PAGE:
Happy Days

Samuel Beckett
Royal Exchange Theatre
Royal Exchange Theatre

Maxine Peake (Winnie) Credit: Johan Persson
David Crellin (Willie) Credit: Johan Persson
Maxine Peake (Winnie) Credit: Johan Persson

Never ones to avoid a challenge, director Sarah Frankcom and actor Maxine Peake once again come together at the Royal Exchange with Peake as Winnie and David Crellin as her largely silent husband Willie.

Like most of Beckett's work, it is rooted in post-war existentialism, emphasising the purposelessness of life and showing characters passing time between birth and death with trivial actions to which they attach significance, but also shows an influence of vaudeville or music hall comedy. Winnie's dialogue chains together bits of gossip, colloquial expressions, descriptions of her daily routines, reflections on her past life and quotes from Shakespeare, Milton and others stripped from their context and meaning—clearly a big influence on Pinter.

As with earlier plays such as Waiting For Godot and Endgame, the external situation is absurd but the relationships between pairs of characters is familiar and vital to them—there is a sense that, while there is constant conflict between them, they need one another to survive.

Beckett limits Winnie's actions by burying her up to the waist in a mound of earth, while Willie, paying little attention to her from behind his newspaper, sits where she can't see him easily. She is constantly trying to get his attention, is apologetic when he doesn't respond but, on the rare occasion when he speaks or moves, declares that this will be a "happy day". After the interval, Winnie is buried up to the neck, limiting her expression further to facial movements and Beckett's words.

An article in the programme discusses Beckett's use of "language as a deadening force of habit", stating that "Beckett called for a delivery of the text that was colourless, transparent, inexpressive, precise and 'mild'." This is a very difficult thing to achieve—Beckett himself directed Billie Whitelaw in the part, going through "the pronunciation, tone and emphasis of each syllable of every word in the long text"—and this production struggles with it.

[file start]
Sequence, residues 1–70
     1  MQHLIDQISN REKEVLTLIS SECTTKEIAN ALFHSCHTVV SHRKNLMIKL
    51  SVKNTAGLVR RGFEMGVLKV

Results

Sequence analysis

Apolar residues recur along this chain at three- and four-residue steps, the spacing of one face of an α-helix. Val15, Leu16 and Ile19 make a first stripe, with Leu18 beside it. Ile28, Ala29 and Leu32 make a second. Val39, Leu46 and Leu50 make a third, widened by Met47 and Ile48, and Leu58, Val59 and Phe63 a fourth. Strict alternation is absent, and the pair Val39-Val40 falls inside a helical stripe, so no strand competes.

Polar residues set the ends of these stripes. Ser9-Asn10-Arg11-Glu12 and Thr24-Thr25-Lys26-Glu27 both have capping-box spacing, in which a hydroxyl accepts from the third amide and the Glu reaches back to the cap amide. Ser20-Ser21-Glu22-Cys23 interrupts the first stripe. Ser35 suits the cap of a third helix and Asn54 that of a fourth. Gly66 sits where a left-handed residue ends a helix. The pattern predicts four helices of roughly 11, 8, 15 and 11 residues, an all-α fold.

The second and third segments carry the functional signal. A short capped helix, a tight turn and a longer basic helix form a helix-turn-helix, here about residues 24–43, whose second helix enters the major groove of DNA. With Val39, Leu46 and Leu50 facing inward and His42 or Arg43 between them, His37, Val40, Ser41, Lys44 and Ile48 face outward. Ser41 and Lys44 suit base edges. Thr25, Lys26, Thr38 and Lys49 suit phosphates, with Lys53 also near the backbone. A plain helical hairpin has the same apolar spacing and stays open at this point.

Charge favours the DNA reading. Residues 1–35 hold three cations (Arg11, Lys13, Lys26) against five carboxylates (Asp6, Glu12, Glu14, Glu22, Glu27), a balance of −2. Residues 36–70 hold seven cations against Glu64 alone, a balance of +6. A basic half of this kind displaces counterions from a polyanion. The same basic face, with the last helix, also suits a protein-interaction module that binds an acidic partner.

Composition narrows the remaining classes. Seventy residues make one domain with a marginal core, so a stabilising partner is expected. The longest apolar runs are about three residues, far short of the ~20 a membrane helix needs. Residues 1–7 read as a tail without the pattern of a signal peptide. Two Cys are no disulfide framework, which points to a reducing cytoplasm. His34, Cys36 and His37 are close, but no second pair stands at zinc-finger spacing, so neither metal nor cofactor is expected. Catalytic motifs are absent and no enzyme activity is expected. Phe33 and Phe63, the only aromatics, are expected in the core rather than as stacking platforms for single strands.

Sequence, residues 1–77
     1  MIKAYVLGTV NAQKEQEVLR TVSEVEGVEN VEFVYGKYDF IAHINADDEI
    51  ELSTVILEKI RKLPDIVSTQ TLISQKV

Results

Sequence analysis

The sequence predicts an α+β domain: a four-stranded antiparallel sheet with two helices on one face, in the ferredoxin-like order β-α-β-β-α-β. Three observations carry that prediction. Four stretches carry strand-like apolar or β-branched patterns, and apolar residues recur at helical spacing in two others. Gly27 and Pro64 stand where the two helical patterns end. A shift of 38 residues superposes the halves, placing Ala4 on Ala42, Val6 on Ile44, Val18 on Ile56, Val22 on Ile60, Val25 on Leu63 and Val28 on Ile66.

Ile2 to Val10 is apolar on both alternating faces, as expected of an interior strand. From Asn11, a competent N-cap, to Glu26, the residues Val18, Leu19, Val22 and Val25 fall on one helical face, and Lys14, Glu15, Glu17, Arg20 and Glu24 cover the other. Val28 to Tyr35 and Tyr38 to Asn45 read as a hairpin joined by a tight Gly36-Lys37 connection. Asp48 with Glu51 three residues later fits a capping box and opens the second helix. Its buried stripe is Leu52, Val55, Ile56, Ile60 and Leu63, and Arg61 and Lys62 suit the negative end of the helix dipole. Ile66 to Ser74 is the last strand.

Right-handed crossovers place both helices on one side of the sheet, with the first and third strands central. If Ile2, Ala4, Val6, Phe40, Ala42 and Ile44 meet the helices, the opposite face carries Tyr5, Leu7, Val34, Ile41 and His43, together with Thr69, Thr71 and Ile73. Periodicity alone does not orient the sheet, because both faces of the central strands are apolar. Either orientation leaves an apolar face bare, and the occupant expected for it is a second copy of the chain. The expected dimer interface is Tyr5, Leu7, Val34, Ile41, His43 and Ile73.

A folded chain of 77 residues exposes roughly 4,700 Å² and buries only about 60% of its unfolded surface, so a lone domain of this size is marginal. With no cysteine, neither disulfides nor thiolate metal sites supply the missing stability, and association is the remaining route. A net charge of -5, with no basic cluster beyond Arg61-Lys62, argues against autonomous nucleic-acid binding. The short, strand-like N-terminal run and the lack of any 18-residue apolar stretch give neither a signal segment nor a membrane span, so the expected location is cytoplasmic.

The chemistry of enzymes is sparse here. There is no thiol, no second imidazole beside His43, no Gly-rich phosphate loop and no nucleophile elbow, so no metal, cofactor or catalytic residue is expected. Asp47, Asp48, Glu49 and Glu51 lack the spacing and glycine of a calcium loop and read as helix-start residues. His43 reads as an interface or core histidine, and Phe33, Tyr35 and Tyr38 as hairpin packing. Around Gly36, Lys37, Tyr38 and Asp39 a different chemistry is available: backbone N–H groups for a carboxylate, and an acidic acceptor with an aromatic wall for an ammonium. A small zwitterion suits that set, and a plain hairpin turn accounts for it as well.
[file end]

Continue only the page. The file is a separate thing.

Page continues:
While largely it is a stream of banalities without a plot to string them together, it needs some kind of unity to carry the audience along for two hours; this comes through the character—and Peake creates a strong, recognisable character—and through precise attention to the pace of the delivery, which here is variable.

The production comes most alive in the moments that are treated as comic. While the delivery is a long way from the above description from Beckett—Peake reminded me of a Victoria Wood character as played by Julie Walters—these moments are entertaining and have a flow that keep the audience's attention and which is lacking elsewhere.

Naomi Dawson's set is impressive and imposing: a giant wart of soil and grass with plastic waste at the bottom, all surrounded by a dark pool of water. To get around the issue of visibility, the whole mound slowly rotates constantly, although if you are unlucky (as I was), you may find that the hole in which Willie lives is facing away from you on each rare occasion that he actually does something.

Jack Knowles's lighting design surrounds the stage with rock concert-style banks of white lights, which gently pulse, seemingly at random, giving the impression of clouds passing overhead.

While there are elements of the production that are impressive and occasionally entertaining, this is a long way from the compelling Endgame staged by HOME and the Glasgow Citizens just two years ago.

Reviewer: David Chadderton

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